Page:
Saturday, March 6, 2010

'The Blind Side' and 'The Soloist'

I did not get to see The Blind Side in theaters. I know, I know, I missed out. I'll definitely check it out when it is released on DVD.

I did hear the basics of the true story of The Blind Side in an interview with the family at the center of it. In a nutshell, Leigh Ann Touhy and her family take in a homeless young man named Michael Oher. They lovingly raise Oher as part of the family and he becomes a college football All-American and a first round draft pick in the NFL. It is a great, inspirational story.

There was another movie released in 2009 based on a true story of someone attempting to help a homeless person. This one is entitled The Soloist and it did not do as well at the box office nor did it generate the buzz of The Blind Side. A few weeks back I picked up a previously viewed copy of The Soloist for $1 at a video store that was going out of business. I watched it last night and it too is a great story.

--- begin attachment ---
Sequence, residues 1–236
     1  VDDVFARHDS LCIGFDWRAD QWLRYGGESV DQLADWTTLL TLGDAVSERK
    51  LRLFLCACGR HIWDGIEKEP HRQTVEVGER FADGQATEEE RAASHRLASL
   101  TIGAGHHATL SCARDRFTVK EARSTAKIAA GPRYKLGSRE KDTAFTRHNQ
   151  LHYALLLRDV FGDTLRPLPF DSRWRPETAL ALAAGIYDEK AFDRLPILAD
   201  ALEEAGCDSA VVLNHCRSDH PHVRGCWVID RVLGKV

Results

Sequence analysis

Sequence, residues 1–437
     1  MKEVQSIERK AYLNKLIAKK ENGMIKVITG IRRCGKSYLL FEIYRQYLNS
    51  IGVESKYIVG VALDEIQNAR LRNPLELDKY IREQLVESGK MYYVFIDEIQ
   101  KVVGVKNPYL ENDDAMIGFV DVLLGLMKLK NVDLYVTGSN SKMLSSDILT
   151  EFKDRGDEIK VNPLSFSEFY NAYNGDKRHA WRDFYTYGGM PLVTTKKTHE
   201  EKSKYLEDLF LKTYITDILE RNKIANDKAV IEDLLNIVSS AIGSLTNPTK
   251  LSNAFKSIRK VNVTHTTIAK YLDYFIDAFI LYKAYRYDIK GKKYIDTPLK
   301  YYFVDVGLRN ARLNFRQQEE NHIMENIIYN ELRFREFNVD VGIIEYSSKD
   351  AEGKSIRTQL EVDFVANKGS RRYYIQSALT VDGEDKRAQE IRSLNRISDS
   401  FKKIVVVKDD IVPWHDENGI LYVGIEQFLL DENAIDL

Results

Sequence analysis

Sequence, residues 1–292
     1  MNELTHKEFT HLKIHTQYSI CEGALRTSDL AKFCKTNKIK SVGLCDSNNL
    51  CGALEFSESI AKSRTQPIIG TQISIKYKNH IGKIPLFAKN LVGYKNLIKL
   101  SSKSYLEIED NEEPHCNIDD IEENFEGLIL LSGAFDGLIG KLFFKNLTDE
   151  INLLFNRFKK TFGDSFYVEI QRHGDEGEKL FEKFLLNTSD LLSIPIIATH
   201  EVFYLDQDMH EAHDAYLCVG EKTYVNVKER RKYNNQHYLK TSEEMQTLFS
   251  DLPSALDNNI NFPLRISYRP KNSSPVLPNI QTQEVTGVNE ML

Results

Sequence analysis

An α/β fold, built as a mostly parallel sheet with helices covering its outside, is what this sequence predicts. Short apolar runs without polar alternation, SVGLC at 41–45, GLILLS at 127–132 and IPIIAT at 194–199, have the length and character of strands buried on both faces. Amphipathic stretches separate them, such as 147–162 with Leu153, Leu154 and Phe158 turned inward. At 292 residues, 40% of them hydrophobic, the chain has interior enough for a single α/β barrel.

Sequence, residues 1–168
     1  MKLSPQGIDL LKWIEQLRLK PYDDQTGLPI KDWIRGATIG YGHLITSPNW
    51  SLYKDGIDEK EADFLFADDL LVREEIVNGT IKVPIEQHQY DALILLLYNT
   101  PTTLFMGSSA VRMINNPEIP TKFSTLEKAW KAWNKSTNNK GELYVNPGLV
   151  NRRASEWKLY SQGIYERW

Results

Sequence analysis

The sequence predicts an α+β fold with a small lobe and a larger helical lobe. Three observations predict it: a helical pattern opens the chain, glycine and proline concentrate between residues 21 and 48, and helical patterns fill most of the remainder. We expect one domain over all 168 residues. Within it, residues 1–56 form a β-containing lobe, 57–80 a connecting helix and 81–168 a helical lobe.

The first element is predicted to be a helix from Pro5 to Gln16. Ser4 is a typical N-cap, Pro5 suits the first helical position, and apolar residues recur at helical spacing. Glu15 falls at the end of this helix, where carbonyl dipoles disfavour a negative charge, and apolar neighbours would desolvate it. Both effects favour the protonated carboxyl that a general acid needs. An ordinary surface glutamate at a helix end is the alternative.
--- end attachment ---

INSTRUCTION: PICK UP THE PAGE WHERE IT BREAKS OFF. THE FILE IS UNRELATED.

The story begins with Steve Lopez, a writer for the L.A. Times, encountering a homeless man named Nathaniel Ayers who was playing a violin with only two strings. It turns out that Ayers was once a student at the famed Juilliard School but he was living on the streets when Lopez found him. From there a friendship develops that takes many twists and turns. It is a relationship through which both men are transformed for the better.

I'm guessing that The Soloist did not generate the hoopla of The Blindside mostly because it does not have a storybook ending. Oh, don't get me wrong. It is a great ending--an uplifting ending. But Ayers does not move from the streets to become a successful musician in an orchestra somewhere. However, he does move to a much better place than he was when Lopez first found him. But then, in a very real sense, Lopez was also moved to a better place than where he was before he met Ayers.

From what I experienced in viewing The Soloist and from what I heard in an interview of the Touhys both of these movies are worth seeing. They both remind those of us who are not poor that genuine, loving friendships with those who are poor can make a difference for the better in our world. And that's a great lesson.

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